- Kids need invisible friends, heroes, and gift-bringers, whether Santa or the Tooth Fairy. Is that belief “marginal?” Yes — from a rational point of view. Is there anything wrong with it? No. There is everything right with that.
- There is something sad about chipping away at those old mythologies. We lose something powerful in the process — when, in the words of my friend, author Thane Rosenbaum, we choose to make “Elijah visible.” For a man who all too often caters to the irrational, there was something uber-rational and unnecessarily cruel in telling a child that Santa Claus might not really exist. Religion needs dreams and visions. So, by the way, do nations.
- It’s not just kids. The religious quest is always involved in spirits, unseen presences, invisible people. Check out Jacob Neusner’s excellent book, The Enchantments of Judaism. It’s not just Santa Claus, or the Sabbath Bride, or Elijah. You don’t need to go that far back. Go to Auschwitz, or any concentration camp — and you will experience unseen presences. They are “real.”
Having said that, what if you don’t “really” “believe” in those mythic strangers who come to visit?
Join the club. Most people, at least at a certain age, give those notions a bit of a wink.
But let’s just say that you were reluctant to abandon those fanciful ideas. Could you re-interpret them?
- Santa Claus winds up being not a good-natured fat man who lives at the North Pole and hangs out with elves and reindeer. Rather, he becomes the imaginary embodiment of the spirit of generosity that allows people to think of others and to go beyond themselves.
- The Shabbat bride and the Shabbat angels wind up being not a beautiful bride and mysterious figures who magically show up in every synagogue on a Friday evening. Rather, they become the imaginary embodiments of the spirit of Shabbat. That spirit of sacred rest, of detachment from having and owning, that attachment to texts, songs, stories, and relationships — haven’t you noticed how imperiled that idea is? It takes work to welcome that idea and to internalize it. But it is worth it.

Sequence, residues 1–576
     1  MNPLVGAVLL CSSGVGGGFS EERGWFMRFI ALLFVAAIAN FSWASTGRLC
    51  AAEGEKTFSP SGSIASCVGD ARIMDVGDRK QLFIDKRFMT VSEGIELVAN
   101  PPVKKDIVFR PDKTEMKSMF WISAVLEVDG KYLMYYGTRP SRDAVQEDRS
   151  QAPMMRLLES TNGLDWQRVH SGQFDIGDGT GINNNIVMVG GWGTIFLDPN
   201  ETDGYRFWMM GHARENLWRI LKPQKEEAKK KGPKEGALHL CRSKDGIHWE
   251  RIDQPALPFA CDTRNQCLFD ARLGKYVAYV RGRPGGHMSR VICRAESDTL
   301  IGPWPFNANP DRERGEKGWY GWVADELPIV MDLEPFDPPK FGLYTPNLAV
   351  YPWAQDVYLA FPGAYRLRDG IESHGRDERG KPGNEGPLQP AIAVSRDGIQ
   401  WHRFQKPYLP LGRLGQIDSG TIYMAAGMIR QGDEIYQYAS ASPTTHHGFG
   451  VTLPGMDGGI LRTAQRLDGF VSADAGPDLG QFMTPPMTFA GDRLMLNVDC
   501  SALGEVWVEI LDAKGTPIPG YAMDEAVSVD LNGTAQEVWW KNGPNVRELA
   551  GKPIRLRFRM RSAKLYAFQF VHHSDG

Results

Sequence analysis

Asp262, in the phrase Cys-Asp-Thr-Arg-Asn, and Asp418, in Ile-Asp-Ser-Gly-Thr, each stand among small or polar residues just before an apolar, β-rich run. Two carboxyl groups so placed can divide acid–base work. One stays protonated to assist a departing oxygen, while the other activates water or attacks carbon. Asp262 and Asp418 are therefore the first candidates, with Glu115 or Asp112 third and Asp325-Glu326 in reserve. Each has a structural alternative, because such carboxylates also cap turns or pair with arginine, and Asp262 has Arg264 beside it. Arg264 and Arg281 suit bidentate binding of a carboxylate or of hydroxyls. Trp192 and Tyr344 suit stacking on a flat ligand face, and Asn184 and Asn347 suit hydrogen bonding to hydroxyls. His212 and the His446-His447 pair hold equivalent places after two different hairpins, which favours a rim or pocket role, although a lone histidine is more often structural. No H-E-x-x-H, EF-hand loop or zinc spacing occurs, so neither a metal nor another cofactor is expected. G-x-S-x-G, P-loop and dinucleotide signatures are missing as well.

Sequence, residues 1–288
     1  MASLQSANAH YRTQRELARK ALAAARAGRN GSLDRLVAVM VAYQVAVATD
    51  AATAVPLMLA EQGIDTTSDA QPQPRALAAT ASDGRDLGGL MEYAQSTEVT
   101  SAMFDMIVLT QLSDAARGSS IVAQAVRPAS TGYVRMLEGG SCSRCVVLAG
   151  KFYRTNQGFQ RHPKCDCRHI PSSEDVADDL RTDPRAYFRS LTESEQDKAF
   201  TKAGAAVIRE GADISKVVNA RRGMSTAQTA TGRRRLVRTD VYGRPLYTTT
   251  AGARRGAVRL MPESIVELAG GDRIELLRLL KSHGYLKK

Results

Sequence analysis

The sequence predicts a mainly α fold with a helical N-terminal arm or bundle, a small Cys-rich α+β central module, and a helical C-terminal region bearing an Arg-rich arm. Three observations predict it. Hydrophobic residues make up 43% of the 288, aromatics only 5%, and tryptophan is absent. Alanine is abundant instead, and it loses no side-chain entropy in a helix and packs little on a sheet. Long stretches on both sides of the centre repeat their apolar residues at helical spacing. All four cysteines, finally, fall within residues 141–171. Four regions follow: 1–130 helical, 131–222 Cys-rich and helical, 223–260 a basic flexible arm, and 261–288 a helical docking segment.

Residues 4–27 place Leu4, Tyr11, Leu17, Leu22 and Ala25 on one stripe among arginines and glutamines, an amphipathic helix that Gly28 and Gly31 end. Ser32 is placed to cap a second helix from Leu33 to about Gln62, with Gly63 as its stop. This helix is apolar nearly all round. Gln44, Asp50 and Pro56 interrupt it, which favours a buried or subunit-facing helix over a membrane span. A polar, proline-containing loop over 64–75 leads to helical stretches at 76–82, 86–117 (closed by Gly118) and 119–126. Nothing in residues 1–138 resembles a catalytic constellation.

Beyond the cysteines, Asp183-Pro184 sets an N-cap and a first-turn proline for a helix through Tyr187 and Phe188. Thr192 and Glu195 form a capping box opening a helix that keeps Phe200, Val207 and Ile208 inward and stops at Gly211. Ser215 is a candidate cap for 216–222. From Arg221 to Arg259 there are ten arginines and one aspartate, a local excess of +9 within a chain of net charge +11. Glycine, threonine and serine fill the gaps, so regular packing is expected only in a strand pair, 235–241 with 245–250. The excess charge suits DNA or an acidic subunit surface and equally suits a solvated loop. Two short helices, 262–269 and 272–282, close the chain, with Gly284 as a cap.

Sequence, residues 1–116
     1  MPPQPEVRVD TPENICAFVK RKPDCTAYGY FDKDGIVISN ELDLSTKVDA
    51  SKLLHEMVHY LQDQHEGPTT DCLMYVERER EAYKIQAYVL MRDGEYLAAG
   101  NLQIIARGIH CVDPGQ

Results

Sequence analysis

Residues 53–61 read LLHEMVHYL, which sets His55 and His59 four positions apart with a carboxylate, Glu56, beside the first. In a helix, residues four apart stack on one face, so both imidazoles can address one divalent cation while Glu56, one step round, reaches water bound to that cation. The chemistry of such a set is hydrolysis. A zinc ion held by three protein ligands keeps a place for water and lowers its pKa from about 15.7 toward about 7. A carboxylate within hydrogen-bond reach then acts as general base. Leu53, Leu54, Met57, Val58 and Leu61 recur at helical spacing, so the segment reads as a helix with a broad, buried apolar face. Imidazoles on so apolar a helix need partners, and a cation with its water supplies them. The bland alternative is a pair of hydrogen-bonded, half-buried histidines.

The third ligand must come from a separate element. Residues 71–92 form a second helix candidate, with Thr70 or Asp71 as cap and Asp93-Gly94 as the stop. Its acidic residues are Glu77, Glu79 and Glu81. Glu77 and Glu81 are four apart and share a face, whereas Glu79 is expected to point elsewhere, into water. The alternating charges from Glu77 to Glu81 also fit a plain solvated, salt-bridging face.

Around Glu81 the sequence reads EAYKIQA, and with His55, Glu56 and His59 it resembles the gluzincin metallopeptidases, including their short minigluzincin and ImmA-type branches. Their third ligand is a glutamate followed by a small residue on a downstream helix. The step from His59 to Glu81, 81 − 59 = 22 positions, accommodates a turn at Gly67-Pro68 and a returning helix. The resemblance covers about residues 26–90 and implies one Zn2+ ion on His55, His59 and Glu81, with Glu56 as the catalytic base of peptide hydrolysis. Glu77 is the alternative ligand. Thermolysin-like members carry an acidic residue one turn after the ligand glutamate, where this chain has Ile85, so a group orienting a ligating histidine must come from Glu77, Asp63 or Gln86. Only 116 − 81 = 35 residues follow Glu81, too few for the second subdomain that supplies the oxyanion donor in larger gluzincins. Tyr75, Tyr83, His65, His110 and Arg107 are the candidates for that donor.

- Elijah the prophet winds up being not an ancient Judean prophet. Rather, he becomes the spirit of prophetic protest that is necessary in our worlda nd in faith. He comes at the end of Shabbat to remind us that Shabbat peace is only imaginary, that it needs us to make it a reality. He comes toward the end of the Passover seder to remind us that, for too many, freedom is still elusive. He attends the bris ceremony (and at naming ceremonies for girls as well) to remind us that one of our greatest tasks in child-rearing is to encourage our children to question power and to take care of the vulnerable — which is exactly what Elijah did, both in the Bible and in later legends.
True people of faith not only see what is in front of their eyes. They imagine what is not yet in front of their eyes. Some would say that those are imaginary people; some would say that those are imaginary ideals.
As we prepare to enter 2019, ask yourself: What are you choosing to see? And what do you still need to see?
This article originally appeared at RNS.